Electrocauterization is the process of destroying tissue using heat
conduction from a metal probe heated by electric current. The procedure
is used to stop bleeding from small vessels (larger vessels being
ligated) or for cutting through soft tissue. High frequency alternating
current is used in electrocautery in unipolar or bipolar fashion. It
can be continuous waveform (cuts the tissue) or intermittent type
(coagulates the tissue). In unipolar type, the tissue to be
coagulated/cut is to be contacted with small electrode, while the exit
point of the circuit, as at buttocks is large in surface area to
prevent electrical burns. Heat generated depends on size of contact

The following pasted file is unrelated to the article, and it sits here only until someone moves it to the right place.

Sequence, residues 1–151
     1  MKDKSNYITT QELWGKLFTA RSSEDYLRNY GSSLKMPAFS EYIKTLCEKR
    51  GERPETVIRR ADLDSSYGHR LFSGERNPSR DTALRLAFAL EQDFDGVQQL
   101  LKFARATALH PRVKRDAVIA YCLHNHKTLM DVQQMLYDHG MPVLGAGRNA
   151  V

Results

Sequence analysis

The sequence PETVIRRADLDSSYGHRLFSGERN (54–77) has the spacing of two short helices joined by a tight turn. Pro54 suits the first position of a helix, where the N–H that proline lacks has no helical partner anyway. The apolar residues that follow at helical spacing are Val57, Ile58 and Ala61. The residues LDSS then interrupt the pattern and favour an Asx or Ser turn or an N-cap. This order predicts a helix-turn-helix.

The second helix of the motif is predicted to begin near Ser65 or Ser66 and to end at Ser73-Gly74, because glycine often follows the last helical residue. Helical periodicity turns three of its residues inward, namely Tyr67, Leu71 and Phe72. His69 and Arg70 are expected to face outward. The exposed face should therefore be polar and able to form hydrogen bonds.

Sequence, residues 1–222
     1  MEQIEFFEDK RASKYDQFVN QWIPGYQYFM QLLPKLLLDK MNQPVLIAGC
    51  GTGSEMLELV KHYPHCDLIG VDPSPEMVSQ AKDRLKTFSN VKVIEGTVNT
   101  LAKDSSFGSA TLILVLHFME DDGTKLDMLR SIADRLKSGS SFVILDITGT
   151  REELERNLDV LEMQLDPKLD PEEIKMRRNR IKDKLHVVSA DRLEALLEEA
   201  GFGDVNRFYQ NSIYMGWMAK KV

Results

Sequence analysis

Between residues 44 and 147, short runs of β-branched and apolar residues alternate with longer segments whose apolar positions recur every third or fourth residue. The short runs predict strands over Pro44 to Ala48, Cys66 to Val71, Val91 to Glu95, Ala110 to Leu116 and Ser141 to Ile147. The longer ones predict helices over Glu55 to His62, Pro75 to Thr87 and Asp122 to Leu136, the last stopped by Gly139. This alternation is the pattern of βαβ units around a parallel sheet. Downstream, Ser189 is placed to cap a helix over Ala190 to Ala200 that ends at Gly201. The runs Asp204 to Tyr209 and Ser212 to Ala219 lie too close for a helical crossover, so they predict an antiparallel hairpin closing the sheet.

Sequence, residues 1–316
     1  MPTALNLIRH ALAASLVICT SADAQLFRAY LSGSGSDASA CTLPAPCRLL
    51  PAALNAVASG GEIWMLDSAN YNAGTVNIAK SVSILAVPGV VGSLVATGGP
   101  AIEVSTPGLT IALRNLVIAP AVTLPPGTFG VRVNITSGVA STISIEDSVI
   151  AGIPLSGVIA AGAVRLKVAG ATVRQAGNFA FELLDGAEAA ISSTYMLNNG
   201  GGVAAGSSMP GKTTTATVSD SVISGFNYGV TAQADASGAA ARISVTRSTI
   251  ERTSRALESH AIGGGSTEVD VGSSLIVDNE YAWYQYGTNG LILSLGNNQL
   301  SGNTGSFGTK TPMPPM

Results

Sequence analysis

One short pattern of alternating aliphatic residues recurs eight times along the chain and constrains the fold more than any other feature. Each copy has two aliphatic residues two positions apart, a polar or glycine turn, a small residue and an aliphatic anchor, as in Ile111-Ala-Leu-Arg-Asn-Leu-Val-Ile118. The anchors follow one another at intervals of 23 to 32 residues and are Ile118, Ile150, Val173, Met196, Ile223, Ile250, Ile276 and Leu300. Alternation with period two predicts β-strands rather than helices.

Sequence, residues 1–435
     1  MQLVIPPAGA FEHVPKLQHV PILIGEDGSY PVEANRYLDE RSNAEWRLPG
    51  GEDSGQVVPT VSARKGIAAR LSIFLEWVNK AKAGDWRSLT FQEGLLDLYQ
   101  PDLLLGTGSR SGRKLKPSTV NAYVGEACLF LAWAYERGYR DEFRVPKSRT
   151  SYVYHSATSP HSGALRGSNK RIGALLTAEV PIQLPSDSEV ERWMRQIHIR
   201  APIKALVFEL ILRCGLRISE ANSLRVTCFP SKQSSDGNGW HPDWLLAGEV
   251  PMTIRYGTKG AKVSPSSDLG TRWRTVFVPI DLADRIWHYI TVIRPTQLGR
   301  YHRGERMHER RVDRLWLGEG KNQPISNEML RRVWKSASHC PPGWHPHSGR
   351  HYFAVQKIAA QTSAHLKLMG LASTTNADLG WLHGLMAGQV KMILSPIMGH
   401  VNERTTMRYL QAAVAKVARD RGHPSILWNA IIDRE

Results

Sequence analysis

area, power setting or frequency of current, duration of application,
waveform. Constant waveform generates more heat than intermittent one.
Frequency used in cutting the tissue is set higher than in coagulation
mode. Bipolar electrocautery establishes circuit between to tips of and
is used like forceps. It has advantage of not disturbing other
electrical rhythms of body (as in heart) and also acts to coagulate
tissue by pressure. Lateral thermal injury is greater in unipolar
devices than bipolar ones.
Electrocauterization is preferable to chemical cauterization because
chemicals can leach into neighbouring tissue and cauterize outside of
the intended boundaries. Concerns have also been raised regarding the
toxicity of surgical smoke produced by electrocautery. This has been
shown to contain chemicals which may cause harm by inhalation by the
patients, surgeon or surgical staff.
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